How to Identify Use Cases in UML Modeling
An actor specifies the role played by the user or any other system that interacts with the principal. It may represent the role played by human users, external hardware, or other principals. Actors are always outside the system, interacting directly with use cases by initiating them, providing inputs to them, and/or receiving outputs from them. While a single physical instance may play the role of multiple different actors, actors do not necessarily represent a specific physical entity, that is, the timer that triggers sending E-mail alerts.
Identifying Use Cases — Characteristics of Actor in Use Case Analysis
Simply enumerate the team members’ perceptions of the stakeholders or the targeted users, and it is easier to reach a consensus during the discussion.
- The actors are located outside the system, it does not belong to a certain part of the system, so we don’t need to “build” the “actors”;
- Only those who can use the system, interact with the system, and exchange information with the system are the actors of the system;
- Actors will start and participate in use cases, so finding Actors can guide us to find use cases;
- Although we don’t need to “develop actors”, we need to consider interfaces. The system needs to consider the interface for actors to use (user experience / GUI), or the system needs to obtain data through the interface provided by the actors.
Who are the actors? Ask the following questions:
- Who will use this system?
- Who will install this system?
- Who will start this system?
- Who will maintain this system?
- Who will shut down this system?
- Which other systems will use this system?
- Who will get information from this system?
- Who will provide information to this system?
- When the preset time arrives, will something happen automatically?
- Which systems will be networked with this system?
- Are there any hardware devices connected to this system?
- Which databases will be networked with this system?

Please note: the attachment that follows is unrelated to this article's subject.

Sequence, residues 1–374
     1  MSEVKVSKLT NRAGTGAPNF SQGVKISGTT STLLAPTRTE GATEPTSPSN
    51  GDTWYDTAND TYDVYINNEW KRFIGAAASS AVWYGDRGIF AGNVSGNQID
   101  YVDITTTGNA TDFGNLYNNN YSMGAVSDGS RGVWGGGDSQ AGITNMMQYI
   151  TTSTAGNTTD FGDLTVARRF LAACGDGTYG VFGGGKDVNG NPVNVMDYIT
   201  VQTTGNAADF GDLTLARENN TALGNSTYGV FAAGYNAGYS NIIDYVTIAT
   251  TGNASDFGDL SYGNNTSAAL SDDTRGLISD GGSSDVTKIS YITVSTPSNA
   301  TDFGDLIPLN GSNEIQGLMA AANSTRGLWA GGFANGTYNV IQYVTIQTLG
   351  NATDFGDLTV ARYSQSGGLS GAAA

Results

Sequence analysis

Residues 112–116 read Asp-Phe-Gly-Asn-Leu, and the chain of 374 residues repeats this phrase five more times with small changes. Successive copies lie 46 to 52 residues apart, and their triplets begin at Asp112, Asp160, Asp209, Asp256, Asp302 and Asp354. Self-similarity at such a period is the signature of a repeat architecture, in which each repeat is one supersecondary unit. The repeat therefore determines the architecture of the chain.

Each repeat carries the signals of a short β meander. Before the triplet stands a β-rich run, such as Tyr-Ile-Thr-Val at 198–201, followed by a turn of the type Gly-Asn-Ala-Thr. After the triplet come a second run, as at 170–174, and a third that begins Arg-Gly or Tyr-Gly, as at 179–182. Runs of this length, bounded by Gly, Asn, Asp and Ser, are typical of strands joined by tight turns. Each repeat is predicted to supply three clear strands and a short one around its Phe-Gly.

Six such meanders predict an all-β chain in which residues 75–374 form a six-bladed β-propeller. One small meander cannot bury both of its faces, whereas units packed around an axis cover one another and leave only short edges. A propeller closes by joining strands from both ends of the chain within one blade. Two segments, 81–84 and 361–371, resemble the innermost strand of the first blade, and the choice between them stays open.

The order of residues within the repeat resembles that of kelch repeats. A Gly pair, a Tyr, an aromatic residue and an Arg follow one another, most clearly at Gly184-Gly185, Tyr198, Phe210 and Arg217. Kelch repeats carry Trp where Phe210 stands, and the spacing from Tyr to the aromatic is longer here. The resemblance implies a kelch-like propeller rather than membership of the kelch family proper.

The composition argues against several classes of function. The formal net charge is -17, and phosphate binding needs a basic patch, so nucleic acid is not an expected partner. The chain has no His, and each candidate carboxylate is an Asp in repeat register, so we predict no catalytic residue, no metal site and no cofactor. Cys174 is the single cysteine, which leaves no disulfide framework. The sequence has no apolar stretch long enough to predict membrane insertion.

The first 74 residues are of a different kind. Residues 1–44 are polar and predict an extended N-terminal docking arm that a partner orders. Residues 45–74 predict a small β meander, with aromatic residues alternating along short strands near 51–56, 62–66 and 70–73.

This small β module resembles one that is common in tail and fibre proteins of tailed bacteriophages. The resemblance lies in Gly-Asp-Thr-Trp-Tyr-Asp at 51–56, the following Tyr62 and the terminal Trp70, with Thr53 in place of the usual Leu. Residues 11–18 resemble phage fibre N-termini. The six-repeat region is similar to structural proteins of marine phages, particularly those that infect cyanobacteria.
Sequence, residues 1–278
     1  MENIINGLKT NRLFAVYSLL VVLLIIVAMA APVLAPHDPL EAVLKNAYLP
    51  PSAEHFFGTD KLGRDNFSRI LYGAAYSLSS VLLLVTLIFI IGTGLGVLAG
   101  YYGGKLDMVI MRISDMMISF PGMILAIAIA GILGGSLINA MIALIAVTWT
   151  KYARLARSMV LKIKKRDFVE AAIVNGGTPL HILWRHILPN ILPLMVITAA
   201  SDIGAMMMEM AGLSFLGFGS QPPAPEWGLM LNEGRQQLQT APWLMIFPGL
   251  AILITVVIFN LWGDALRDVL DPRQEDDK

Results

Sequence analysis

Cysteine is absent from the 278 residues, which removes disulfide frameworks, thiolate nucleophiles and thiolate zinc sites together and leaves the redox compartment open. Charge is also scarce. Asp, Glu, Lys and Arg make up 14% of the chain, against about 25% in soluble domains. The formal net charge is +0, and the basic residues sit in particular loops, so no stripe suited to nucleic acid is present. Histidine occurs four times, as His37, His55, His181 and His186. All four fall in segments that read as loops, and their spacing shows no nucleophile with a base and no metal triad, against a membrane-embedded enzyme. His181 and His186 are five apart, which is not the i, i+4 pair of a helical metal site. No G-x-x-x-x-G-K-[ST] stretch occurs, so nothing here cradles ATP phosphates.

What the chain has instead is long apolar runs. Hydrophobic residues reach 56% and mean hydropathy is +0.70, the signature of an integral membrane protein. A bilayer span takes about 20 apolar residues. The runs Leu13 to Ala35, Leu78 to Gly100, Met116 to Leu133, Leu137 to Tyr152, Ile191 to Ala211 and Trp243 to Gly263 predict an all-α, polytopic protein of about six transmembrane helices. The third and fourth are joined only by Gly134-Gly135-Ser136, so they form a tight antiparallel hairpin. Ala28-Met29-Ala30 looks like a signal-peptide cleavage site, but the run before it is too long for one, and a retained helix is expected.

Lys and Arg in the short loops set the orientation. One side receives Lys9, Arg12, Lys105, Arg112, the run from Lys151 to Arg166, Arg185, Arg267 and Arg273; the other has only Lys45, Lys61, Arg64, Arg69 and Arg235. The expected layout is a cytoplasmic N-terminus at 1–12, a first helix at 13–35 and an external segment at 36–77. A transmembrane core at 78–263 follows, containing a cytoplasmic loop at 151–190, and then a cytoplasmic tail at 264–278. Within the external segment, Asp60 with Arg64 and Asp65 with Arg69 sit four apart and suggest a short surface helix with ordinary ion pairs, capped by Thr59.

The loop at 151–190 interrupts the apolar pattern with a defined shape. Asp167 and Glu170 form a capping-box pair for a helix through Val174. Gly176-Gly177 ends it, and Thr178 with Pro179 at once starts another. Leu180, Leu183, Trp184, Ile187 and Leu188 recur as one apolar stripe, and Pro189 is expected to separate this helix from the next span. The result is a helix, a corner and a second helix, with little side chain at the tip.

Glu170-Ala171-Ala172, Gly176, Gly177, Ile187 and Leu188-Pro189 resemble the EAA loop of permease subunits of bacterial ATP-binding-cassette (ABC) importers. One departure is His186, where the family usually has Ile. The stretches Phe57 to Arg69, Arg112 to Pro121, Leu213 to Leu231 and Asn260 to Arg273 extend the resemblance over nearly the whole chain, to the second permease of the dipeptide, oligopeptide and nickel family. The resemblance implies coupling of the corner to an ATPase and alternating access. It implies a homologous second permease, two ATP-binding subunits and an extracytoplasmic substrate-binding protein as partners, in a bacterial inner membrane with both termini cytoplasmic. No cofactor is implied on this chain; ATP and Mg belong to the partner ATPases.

- Who in the company will use this system?\
- Who will use this system outside the company?
- When a specific time or event occurs, does this system need to automatically notify who or other systems?
Types of Actor
Many analysts ignore key actors in the use case diagram drawing process because they only identify human actors. Classifying use case actors in this way helps analysts ensure that they do not ignore any key actors in the use case diagram.
There is another way to classify participants. They can be:
- human beings
- System / software
- Timer / clock
A List of Question for Identifying Use Cases
- What kind of functions do participants want from this system?
- Does this system store information? Which participants will create, read, update and delete this information?
- Does the system need to notify participants when the internal state of the system changes?
- Are there any external events that the system needs to know? When this external event occurs, which actor will notify the system?
- Does this system need to perform any operations on a regular basis?
- When some important external events occur, does the system need to automatically perform certain operations?
- Is the name of this use case clear enough? Can the result of this use case be judged directly from the name of this use case?
- Will this use case have multiple results? Or are these results produced at different points in time?